Paul Valencia: At 1-7, Seton has its winning season



They started practice with a prayer.

A short team meeting.

Then some warm-ups.

Only on Monday, the members of Seton Catholic football team did all this for the first time as winners.

The Cougars are on a one-game win streak. While some might argue that one game does not make a streak, I say it does when the one is the first of its kind in program history.

Senior Erik Powell caught a touchdown pass from sophomore Will Noce-Sheldon in the game’s final minute Friday to tie the game. Then Powell was true on the extra point, giving the Cougars a 21-20 victory over Kalama.

The fans rushed the field. The players hugged each other.

It was their championship moment.

“We know we’re a winning team, even if we don’t have a winning record,” Powell said. “What we’re doing will help in the future.”

What they are doing now is taking their lumps during a long, first season of varsity football. Until Friday, the Cougars had lost every game by the average score of 61-9.

But on Friday, none of those other games mattered. The Cougars got their win. This is how they did it.

Trailing by six with around 2 minutes left, Seton’s Drew Fuller stripped the ball from the Kalama ball carrier, and Noce-Sheldon recovered the fumble, giving new life for the Cougars.

Seton coach Dan Chase said it was the last possible play for a fumble. The Kalama runner had gained enough yardage for a first down. If the turnover would not have happened then, Kalama would have been able to kneel the rest of the game.

“I kind of thought it was over,” Powell said. “Then Will had the ball in his hands. I knew once we had the ball, our offense could get in the end zone.”

Penalties helped the Cougars move to the 8-yard line. Noce-Sheldon said he had thrown some bad passes earlier in the game and was determined not to do it again. He got the play call from his coach.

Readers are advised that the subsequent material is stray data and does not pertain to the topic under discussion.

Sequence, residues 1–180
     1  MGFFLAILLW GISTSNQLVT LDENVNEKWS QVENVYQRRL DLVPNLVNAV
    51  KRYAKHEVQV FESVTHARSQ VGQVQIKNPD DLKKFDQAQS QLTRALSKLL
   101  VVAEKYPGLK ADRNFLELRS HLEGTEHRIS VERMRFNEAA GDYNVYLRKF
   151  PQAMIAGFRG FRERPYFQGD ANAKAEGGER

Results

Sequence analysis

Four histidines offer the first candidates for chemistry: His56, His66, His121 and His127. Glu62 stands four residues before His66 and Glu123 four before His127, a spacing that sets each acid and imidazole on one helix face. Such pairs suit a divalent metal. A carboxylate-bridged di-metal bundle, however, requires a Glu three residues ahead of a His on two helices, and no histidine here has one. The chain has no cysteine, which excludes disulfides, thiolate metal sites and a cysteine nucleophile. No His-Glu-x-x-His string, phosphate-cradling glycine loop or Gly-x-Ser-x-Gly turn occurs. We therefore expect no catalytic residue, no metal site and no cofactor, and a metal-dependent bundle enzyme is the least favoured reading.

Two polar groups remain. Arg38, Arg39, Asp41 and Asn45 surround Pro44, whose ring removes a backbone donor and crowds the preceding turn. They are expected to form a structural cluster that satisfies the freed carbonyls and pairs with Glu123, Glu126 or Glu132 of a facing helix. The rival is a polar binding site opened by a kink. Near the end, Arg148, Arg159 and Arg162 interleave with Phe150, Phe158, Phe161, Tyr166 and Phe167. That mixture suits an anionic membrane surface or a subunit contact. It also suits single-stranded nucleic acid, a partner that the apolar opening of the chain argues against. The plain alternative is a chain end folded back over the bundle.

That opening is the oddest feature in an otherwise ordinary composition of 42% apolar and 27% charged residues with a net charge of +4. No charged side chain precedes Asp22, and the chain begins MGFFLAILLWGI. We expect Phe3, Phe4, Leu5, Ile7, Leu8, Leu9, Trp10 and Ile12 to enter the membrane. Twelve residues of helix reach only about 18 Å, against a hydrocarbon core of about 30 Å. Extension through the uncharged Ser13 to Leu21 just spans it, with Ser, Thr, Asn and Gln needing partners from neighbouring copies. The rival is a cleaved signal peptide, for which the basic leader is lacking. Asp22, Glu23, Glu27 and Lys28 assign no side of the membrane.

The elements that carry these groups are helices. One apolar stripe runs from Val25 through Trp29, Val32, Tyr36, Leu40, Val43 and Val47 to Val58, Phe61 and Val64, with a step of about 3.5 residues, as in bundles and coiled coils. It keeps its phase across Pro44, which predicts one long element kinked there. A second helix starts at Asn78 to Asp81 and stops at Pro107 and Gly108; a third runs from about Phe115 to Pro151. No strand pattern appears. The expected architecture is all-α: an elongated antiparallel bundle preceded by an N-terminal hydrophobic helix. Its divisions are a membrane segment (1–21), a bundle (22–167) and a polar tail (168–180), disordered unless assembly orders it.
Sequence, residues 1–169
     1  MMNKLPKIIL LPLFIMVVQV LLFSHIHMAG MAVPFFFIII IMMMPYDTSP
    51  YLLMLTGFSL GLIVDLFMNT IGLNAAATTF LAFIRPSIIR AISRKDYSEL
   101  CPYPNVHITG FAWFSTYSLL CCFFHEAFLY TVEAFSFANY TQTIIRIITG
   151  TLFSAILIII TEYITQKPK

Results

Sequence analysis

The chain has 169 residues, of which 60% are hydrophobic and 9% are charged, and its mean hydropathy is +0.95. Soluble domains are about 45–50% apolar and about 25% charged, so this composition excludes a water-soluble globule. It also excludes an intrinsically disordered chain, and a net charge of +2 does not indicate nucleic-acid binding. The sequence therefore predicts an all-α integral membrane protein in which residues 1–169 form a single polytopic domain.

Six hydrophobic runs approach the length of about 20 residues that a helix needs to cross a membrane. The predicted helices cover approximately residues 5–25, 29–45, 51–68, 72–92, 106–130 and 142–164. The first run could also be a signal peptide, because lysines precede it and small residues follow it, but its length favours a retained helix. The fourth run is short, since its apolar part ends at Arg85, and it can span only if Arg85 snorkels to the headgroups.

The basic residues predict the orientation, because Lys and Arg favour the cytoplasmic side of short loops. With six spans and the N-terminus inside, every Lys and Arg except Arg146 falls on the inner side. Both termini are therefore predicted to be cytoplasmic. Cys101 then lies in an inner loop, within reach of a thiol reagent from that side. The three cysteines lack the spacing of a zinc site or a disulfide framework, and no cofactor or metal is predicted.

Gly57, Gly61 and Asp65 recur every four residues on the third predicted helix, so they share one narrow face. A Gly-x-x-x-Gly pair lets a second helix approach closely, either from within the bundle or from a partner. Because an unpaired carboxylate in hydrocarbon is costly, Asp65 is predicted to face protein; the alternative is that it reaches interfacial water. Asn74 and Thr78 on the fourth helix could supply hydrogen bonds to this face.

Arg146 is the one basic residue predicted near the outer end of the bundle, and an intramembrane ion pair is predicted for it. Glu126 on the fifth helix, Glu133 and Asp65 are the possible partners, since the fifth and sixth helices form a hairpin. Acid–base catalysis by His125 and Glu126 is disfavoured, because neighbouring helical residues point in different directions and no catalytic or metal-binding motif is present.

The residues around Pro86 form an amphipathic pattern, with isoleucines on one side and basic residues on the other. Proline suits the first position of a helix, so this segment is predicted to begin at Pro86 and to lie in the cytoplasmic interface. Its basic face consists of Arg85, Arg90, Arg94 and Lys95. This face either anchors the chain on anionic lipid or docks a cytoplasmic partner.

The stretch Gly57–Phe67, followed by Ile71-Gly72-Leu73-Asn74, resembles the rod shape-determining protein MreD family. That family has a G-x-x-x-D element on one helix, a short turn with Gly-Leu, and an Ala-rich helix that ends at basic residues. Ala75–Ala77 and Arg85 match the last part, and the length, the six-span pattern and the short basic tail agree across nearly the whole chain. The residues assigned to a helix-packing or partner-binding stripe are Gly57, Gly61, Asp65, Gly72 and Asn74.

“My first read was Erik. I saw him in my window, and he was there,” the quarterback said.

“It was a slant. I caught it and did a spin move around one guy,” Powell said. “There were two guys near the end zone. I ran through them.”

Powell’s momentum carried him to the end zone to tie the game.

“Once I scored the touchdown, I knew I had to make the extra point,” Powell said. “Everybody was celebrating, but I was focusing.”

One of the better kickers in the region, Powell was confident. However, there is so much more than just a kick. There’s the snap, the hold, the blocking. And for a team that had never come close to winning a game, this was the first pressure kick in Cougars history.

Everything was perfect, including the kick, right down the middle. Clutch Cougars. That made it 21-20 with about 30 seconds remaining.

Kalama did virtually nothing with its final plays after the kickoff. Ian Kirby was credited with making the final tackle of the game.

“Everything went by so quickly,” Noce-Sheldon said. “All I remember is Paul Powell (Erik’s younger brother) running around the field, and then he jumped in my arms. I remember seeing everyone flying out of the stands to come on the field. Everyone was just so relieved. We finally got what we wanted. We deserved to win for how hard we’ve been working in practice.”

Erik Powell also had a memorable moment with his father.

“I don’t think I’ve ever seen my dad that excited,” Erik said. “He doesn’t show emotion that much. It was pretty cool to see.”

The victory lap continued for the Cougars at school. The team made the morning announcements.

“Just smiles all around. People who weren’t at the game heard it was awesome and they were sorry they weren’t there to see it,” Noce-Sheldon said. “All the teachers were really proud of the entire team.”

The Cougars have felt good about how they’ve approached this season, win or lose. It’s for the future. Still, this week of practice is special. Winners all year, now they are winners on the scoreboard, too.

Paul Valencia covers high school sports for The Columbian. He can be reached at 360-735-4557 or e-mail at